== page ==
It is essential for a living organism to interact with and adjust to the environment by generating responses at molecular, cellular, and system levels. In some cases, these changes result in life-long or even multi- generational changes to physiology and behavior. Understanding the interactions between our genes and the environment is vital to our understanding of addiction. Therefore, molecular and genetic tools to dissect and discover these interactions need to be developed. Of critical importance is the bridge between genetics and behavior that is gated by the stress response. A stress response is a physiological and/or behavioral response to a real or perceived threat or "stressor" that helps maintain or restore normal balance or homeostasis. When a stressor threatens homeostasis, a diverse suite of neuronal, endocrine, and autonomic response mechanisms can be utilized to regain the status quo. In addition to the immediate changes in response to a stressor, long-term changes in the neural network or epigenetic transcriptome can record the molecular memory of this event and thereby alter future responses to similar stressors. The clinical significance of stress-aggravated disorders is extremely high, and can occur when a stressor is too strong (acute), occurs too often (chronic), or is recorded to the epigenome incorrectly and/or during critical developmental periods. The stress response, particularly glucocorticoids, affects the onset, severity, withdrawal, and relapse of addiction. Smoking and thereby nicotine addiction, is the number one preventable cause of death in the world. This proposal will use a genetic model organism, zebrafish (Danio rerio), to study the interaction of the stress response and behavioral sensitization to a psychostimulant- nicotine. Specifically this application will characterize glucocorticoid receptor activation following exposure to nicotine;characterize changes in behavioral sensitization to nicotine caused by stressors, exogenous corticosteroids, or antagonists to the stress response;and perform a screen for modifiers of the stress response. The goal of this proposal is to build a foundation of data to accelerate the use of the genetically tractable, high-throughput zebrafish model to study the interaction of stress and addiction. Innovative elements of this grant use genetic sensor fish to permit spatio-temporal visualization of glucocorticoid receptor activation in all brain tissues in response to drug exposure or other stressors, and a unique mutant library resource of transposon-based insertional mutant zebrafish to do the first forward genetic screen for modifiers of the stress response in a vertebrate. !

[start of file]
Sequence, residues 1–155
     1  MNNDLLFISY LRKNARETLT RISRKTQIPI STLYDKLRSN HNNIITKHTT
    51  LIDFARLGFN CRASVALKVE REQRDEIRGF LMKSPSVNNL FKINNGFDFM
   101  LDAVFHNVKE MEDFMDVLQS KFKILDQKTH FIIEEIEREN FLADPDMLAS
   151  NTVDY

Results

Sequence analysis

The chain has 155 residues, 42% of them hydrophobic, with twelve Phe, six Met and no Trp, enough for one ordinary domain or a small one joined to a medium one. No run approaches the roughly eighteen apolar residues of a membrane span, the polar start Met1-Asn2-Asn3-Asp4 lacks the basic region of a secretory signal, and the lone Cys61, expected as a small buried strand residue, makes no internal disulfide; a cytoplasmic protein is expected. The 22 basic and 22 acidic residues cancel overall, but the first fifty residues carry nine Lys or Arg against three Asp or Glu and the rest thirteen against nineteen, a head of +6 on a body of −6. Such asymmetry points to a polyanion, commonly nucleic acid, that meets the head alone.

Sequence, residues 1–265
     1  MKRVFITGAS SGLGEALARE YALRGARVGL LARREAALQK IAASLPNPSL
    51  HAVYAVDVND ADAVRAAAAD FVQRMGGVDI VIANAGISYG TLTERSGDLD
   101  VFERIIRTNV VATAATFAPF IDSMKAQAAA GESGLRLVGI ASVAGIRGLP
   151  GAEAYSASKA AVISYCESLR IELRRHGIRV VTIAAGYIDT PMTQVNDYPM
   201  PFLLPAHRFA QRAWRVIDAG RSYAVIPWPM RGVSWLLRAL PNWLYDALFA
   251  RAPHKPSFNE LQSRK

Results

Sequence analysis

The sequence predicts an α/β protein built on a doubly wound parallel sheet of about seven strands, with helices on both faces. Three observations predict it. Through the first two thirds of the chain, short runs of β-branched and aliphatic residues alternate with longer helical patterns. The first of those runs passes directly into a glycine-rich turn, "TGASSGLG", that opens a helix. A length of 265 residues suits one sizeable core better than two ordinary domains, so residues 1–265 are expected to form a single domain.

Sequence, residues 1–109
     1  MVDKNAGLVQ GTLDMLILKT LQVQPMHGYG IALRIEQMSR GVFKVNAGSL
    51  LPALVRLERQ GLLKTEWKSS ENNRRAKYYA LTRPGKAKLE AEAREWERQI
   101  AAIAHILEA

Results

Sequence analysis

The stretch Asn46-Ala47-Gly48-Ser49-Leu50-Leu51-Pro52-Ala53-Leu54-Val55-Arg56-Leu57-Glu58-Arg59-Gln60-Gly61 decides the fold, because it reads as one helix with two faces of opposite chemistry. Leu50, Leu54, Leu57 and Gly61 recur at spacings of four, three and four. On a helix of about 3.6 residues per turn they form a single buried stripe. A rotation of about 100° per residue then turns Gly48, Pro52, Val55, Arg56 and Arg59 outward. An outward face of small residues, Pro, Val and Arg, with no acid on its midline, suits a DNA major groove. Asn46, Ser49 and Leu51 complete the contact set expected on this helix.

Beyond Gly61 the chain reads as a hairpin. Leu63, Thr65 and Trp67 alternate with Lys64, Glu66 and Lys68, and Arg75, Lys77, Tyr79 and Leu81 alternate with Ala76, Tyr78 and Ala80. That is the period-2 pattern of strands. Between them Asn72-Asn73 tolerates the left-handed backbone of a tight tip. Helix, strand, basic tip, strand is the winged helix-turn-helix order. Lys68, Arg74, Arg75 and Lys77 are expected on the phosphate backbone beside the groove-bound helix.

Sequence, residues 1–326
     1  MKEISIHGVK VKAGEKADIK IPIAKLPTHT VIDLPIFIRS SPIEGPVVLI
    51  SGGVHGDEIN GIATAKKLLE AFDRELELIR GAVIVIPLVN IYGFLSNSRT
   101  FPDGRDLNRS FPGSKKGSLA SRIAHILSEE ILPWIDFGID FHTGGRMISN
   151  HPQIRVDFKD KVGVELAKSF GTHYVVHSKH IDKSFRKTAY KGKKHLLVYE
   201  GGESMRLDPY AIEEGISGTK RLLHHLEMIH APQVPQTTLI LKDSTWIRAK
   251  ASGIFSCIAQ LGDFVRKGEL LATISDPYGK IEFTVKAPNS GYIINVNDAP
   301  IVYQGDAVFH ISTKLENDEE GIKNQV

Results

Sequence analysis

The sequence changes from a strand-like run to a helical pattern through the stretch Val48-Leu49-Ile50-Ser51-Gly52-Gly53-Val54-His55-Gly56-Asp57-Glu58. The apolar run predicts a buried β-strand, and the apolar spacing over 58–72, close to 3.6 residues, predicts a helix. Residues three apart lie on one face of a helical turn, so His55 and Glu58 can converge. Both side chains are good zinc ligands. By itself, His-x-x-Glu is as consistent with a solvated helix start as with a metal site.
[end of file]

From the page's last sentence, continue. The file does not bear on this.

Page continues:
The stress response is vital for adaptation to our environment. Unfortunately, stress can influence many aspects of the addiction process including onset, severity, withdrawal, and relapse. The adaptation of a genetically tractable, high throughput model vertebrate organism, like zebrafish, could lead to the discovery of new genetic pathways that contribute to vulnerability or resilience to addiction and stress.
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